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The multilevel voter: Identity, territory and electoral behaviour

Larner, Jac M. 2019. The multilevel voter: Identity, territory and electoral behaviour. PhD Thesis, Cardiff University.
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Abstract

This thesis is concerned with sub-state politics and the influence it has on political behaviour and attitudes. Parting company with much of the existing literature that examines elections in multilevel systems, I argue that it is incorrect to assume that factors at the statewide level determine electoral behaviour and attitudes at the sub-state level. Rather, elections at the statewide and sub-state level should be seen as interdependent. Chapter 1 serves as an introduction to the thesis and sets up the analytic framework upon which my research is based. I also give a broad discussion of my method and explain why I choose Scotland and Wales as cases in my argument. In Chapter 2, I outline and describe my primary data sources – the devolved election studies – by detailing their origins and design. Chapter 3 examines what voters know about sub-state politics. I examine data from 10 election studies in total and introduce a unique new dataset of press coverage of the NHS to examine policy attribution. I find that considerable proportions of citizens have little knowledge of sub-state political issues. Chapter 4 focuses on the role that national identities play in vote choice at sub-state and statewide elections. I also introduce the concept of party blocs in Scotland and Wales. Results indicate that national identity is a substantial predictor of bloc vote choice. In Chapter 5 I examine how sub-state identities influence how voters cast their ballots at elections to different levels of government. My results indicate that vote switching is more prevalent among those who identify with a sub-state identity (instead of a statewide identity). Chapter 6 tests whether split-ticket voting at devolved elections is driven by strategic motivations. While voters appear to understand when it is in their interests to cast a strategic vote in their constituency, there is no evidence suggesting they do in the list vote. In the final chapter, I conclude by highlighting the findings of this thesis and remarking on the importance of this work for future analyses of elections in multilevel systems.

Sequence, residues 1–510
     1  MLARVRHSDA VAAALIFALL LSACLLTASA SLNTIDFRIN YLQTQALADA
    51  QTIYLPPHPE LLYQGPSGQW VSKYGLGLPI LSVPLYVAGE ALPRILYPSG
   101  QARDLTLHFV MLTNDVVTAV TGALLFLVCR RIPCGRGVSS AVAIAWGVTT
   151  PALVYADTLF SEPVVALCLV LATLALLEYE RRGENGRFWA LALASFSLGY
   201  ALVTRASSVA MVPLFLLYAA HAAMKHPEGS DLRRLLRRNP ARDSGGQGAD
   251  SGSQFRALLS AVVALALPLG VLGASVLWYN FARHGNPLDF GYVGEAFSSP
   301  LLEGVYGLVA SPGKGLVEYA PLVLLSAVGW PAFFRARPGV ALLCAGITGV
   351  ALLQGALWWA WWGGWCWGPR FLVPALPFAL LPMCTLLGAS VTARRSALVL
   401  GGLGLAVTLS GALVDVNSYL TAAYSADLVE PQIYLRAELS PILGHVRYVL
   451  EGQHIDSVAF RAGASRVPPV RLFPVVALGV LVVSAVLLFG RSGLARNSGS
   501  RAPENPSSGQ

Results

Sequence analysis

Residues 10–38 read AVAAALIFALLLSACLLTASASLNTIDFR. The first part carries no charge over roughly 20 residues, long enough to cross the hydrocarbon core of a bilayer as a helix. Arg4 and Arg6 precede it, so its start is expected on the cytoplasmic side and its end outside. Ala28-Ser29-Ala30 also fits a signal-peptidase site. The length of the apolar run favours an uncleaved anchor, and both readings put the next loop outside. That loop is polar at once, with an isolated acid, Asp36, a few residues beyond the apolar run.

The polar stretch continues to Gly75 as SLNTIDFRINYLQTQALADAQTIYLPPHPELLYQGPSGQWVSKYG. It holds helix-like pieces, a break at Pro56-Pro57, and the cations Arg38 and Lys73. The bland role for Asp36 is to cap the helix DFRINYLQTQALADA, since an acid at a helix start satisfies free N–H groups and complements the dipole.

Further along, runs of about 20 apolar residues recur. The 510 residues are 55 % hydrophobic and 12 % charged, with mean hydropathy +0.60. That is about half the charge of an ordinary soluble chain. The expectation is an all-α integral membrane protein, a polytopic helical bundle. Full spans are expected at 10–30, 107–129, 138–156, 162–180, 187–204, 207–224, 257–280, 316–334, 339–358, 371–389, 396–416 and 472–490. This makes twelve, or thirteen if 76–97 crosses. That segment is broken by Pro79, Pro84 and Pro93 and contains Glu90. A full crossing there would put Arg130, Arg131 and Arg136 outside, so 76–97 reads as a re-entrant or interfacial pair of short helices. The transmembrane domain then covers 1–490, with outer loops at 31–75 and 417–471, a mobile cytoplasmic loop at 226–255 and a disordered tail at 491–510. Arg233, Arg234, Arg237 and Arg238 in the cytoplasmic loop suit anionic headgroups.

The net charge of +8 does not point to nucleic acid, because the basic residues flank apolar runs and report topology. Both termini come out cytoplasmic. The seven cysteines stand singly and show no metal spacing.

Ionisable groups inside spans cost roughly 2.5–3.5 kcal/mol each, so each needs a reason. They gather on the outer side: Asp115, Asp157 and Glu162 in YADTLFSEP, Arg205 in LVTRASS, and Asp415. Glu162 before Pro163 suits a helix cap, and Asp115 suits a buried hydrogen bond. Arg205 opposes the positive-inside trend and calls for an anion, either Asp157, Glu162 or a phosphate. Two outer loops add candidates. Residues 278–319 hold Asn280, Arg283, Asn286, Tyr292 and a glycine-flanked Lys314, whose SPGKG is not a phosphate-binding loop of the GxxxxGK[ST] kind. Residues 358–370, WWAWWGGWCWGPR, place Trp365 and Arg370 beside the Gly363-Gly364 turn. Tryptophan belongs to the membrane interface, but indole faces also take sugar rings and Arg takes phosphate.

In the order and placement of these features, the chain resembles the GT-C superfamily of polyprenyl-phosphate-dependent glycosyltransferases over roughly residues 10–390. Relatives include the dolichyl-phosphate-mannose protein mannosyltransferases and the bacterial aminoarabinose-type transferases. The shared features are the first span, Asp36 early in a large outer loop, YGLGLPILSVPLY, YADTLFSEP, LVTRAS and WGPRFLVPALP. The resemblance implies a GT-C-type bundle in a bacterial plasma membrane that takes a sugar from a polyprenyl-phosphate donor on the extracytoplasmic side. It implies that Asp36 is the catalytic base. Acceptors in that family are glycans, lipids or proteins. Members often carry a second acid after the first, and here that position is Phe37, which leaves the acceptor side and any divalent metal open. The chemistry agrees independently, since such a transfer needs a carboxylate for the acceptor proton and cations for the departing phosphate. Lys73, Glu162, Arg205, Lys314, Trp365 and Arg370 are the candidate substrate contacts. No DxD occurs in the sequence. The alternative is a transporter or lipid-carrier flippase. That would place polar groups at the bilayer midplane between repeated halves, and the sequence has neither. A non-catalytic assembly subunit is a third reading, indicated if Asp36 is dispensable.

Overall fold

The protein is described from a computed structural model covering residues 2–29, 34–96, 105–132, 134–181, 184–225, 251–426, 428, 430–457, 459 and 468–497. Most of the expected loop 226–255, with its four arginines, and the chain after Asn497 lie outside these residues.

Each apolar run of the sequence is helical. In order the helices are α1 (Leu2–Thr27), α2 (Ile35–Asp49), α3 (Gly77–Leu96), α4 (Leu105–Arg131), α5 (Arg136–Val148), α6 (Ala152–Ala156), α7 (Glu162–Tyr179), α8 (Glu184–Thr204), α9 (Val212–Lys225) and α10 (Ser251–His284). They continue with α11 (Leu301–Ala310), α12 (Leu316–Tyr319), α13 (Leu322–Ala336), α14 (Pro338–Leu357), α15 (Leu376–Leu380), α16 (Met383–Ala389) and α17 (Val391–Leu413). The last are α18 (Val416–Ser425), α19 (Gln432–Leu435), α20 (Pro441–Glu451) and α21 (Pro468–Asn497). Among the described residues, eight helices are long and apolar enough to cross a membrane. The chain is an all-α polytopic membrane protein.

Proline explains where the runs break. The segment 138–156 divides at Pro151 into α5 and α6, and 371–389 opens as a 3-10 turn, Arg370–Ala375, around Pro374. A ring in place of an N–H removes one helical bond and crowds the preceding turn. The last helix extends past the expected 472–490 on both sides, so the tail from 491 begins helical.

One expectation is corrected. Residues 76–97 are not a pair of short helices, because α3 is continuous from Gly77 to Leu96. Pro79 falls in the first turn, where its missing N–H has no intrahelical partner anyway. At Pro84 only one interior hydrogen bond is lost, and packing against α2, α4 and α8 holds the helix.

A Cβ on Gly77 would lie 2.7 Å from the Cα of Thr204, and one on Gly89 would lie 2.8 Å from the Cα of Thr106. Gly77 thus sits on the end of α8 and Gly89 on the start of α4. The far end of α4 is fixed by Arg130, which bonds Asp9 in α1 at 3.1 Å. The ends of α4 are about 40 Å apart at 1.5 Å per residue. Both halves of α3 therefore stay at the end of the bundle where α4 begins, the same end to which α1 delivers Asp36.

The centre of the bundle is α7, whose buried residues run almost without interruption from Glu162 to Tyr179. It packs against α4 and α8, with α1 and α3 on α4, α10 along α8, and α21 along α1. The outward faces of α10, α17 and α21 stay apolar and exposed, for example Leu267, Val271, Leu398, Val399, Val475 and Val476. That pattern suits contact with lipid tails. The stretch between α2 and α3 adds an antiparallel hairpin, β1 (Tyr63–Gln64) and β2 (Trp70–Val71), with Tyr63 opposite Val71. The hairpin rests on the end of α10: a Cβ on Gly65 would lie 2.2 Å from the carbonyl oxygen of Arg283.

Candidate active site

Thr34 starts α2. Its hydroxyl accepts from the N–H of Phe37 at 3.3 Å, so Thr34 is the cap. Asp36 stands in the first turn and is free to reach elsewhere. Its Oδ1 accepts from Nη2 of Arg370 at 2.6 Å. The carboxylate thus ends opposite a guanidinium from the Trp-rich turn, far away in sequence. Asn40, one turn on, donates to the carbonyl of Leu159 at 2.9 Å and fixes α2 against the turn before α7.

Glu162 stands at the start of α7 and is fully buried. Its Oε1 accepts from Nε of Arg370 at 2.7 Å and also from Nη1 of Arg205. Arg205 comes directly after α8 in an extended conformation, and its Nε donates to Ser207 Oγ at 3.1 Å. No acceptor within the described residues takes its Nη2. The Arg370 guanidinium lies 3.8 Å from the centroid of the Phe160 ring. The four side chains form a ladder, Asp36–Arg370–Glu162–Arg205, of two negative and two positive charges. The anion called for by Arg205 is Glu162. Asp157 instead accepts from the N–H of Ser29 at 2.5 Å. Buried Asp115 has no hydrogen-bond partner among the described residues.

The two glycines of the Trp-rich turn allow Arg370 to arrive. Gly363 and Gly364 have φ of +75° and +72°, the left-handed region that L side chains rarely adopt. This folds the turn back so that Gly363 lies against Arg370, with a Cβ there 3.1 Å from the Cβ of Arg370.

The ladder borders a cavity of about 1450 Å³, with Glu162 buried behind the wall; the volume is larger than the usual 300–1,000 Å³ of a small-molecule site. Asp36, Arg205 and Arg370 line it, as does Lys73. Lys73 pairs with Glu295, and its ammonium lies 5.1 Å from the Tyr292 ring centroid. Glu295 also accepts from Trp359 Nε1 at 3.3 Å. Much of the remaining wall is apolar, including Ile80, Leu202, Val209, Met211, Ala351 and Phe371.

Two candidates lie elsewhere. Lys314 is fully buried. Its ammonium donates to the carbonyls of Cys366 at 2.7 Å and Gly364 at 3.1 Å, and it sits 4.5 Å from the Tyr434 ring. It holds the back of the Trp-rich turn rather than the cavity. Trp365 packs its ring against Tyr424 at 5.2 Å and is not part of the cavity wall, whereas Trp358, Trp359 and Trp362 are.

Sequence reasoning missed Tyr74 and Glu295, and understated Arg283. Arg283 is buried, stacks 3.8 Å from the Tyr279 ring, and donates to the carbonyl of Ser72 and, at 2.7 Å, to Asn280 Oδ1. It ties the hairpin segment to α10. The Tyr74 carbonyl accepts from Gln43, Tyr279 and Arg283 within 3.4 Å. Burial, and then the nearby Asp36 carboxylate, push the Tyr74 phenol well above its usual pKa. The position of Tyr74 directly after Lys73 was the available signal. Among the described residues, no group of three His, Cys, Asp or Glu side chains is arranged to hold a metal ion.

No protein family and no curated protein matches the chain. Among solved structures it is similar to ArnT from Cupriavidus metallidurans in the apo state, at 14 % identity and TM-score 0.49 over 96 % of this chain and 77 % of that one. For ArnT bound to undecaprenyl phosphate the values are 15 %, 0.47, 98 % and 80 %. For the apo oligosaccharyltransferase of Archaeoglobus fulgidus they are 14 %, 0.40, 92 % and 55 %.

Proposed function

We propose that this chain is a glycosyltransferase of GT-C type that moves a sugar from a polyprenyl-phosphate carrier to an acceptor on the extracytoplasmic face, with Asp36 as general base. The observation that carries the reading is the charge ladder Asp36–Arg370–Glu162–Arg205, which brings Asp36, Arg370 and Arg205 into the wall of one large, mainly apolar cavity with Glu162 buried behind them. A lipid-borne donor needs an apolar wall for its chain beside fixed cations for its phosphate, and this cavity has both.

Item Type: Thesis (PhD)
Date Type: Completion
Status: Unpublished
Schools: Law
Department of Politics and International Relations (POLIR)
Subjects: J Political Science > JF Political institutions (General)
K Law > K Law (General)
Uncontrolled Keywords: Elections; Devolution; Political Behaviour; Voting; National Identity; Knowledge; Multilevel Voting; Wales; Scotland
Date of First Compliant Deposit: 28 July 2020
Date of Acceptance: 28 July 2020
Last Modified: 28 Jul 2020 15:40
URI: http://orca.cf.ac.uk/id/eprint/133816

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